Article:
Plaque marks tragedy so close to home
PUBLISHED: 13:54 12 October 2015 | UPDATED: 12:48 23 October 2015
It was a devastating but little known crash on Norfolk’s peaceful sands more than 70 years ago – and now a marble plaque has been unveiled to mark the spot where six airmen lost their lives.
Peter Tennant has been working hard for five years to put up a tribute – at California Sands, near Scratby – where six airmen died on October 11, 1941, after first receiving inquiries from a woman in Barnsley when he was a parish councillor.
Mr Tennant’s father was an ARP warden during the war and helped to secure the crash scene, taking the bodies to a nearby bungalow.
Since then Mr Tennant has made a determined effort to unravel the events leading up to their deaths, which happened so close to safety.
Some believe the airmen simply misjudged the cliffs and flew into them – but with a virtual news blackout and the tragedy not even making the local papers at the time, there is little to go on after so many years.
Mr Tennant said family members of those killed in action were given little, if any, detail about what happened.
“My aim is to provide a record of these six airmen who lost their lives on their way back from a bombing raid in Cologne.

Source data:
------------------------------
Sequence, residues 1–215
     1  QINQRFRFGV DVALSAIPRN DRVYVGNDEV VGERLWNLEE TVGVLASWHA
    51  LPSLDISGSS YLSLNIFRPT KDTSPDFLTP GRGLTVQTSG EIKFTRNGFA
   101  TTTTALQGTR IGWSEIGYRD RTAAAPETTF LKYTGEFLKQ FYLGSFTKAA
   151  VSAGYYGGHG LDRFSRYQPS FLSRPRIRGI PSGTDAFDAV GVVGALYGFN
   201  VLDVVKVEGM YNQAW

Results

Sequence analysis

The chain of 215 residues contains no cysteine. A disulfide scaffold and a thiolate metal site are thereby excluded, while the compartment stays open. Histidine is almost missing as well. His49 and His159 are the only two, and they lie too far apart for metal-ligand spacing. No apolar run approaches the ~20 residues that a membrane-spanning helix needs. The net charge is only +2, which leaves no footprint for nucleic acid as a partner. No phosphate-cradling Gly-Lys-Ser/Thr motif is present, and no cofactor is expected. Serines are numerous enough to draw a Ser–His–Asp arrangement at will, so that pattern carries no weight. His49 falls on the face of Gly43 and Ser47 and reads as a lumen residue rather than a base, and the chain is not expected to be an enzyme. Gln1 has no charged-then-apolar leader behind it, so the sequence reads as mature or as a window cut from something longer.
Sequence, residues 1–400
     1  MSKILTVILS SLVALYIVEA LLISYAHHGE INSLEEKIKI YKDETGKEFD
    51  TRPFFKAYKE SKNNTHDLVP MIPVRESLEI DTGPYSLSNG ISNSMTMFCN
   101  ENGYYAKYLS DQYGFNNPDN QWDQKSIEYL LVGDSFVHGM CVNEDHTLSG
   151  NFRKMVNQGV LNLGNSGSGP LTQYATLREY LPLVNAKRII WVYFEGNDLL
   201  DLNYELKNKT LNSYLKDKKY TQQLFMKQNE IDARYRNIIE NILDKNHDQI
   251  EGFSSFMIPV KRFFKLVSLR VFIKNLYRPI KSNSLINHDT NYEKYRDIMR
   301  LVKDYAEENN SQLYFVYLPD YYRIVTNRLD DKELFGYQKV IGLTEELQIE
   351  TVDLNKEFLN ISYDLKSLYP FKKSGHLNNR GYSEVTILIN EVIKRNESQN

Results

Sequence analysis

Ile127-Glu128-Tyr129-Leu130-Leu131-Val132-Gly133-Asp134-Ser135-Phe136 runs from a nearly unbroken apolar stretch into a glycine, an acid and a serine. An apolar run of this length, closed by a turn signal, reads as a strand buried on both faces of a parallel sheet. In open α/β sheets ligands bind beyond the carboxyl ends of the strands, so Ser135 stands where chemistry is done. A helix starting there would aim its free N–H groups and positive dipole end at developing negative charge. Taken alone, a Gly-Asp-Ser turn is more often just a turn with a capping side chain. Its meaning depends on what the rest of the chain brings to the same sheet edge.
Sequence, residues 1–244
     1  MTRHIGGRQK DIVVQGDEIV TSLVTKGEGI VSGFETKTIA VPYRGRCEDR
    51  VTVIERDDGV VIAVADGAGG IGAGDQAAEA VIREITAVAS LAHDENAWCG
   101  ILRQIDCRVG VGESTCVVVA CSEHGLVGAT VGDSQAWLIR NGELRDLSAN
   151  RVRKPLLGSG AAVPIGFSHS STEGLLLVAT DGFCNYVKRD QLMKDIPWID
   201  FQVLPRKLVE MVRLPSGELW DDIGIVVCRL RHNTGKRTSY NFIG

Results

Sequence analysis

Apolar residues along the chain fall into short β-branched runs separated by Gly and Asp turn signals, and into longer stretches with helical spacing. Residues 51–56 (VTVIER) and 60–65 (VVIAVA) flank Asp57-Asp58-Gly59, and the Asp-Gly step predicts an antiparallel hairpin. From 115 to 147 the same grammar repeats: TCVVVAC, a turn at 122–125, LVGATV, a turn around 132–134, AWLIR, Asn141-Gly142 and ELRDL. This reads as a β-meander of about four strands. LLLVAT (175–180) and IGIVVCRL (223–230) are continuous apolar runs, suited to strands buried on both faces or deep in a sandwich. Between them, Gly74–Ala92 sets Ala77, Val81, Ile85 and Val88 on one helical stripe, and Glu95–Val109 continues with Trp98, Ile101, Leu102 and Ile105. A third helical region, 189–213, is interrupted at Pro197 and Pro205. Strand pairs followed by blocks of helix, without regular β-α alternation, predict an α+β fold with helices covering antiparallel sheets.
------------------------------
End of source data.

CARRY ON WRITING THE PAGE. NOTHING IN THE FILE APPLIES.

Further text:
“I just wish I had done it before. It has become a passion.
“One of the crew was buried at Scottow, near Coltishall for some reason.
“All the others were buried in their home towns – and I have been to visit the grave. It is the relatives that have inspired me to push on with it; they thought it would be nice to have some sort of commemoration.
“During the war when people were told their family member was lost they never got any details.
“At the time it was not even in the paper because they did not want to divulge what had happened.”
Pamela Ibbotson is a relative of Flight Sgt Aldwyn Norden, from Barnsley. She travelled to California from Hull for the unveiling on Saturday, along with other members of her family and relatives of Sgt Alfred (Teddy) Cosgrove, from Manchester, who also died.
Both men were 20 years old at the time.
“It’s just so important that these men aren’t forgotten,” said Ms Ibbotson. “Peter has done such a fantastic job, we think our great aunt – Sgt Norden’s mother – would have been very happy.”
The Wellington bomber took off from RAF Binbrook, Lincolnshire, at 11.52pm joining 68 others on a bombing mission to Cologne. But because of bad weather only minor damage was caused and five bombers from 12 Squadron failed to return.
The doomed plane was hit by anti-aircraft fire after it had dropped its bombs, and turned back, coming to grief on the sands at California.
One person who attended the unveiling, where the plaque was blessed by the Rev Mandy Bishop, was Bernard Myhill.
“I was nine when it happened,” Mr Myhill, 83, said. “The word went around the village like wildfire. Me and my cousin went down the next day to play in the wreckage but the RAF had been and taken it away.”
Before unveiling the plaque – which takes pride of place on the wall of the California Tavern – Mr Tennant was presented with an ARP medal from the crash victims’ relatives for his efforts.
Mr Tennant will now attempt to contact the relatives of the other airmen: Flight Sgt James Dunlop, Sgt Arthur Pilkington, Sgt Ray Todman and Sgt Frank Tothill.
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